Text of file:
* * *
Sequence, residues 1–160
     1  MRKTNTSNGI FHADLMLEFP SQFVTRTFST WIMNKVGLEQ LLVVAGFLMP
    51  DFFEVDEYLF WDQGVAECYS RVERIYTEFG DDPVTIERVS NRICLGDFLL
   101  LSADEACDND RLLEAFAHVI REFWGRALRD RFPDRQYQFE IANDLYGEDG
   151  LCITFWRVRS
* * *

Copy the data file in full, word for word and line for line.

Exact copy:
Sequence, residues 1–160
     1  MRKTNTSNGI FHADLMLEFP SQFVTRTFST WIMNKVGLEQ LLVVAGFLMP
    51  DFFEVDEYLF WDQGVAECYS RVERIYTEFG DDPVTIERVS NRICLGDFLL
   101  LSADEACDND RLLEAFAHVI REFWGRALRD RFPDRQYQFE IANDLYGEDG
   151  LCITFWRVRS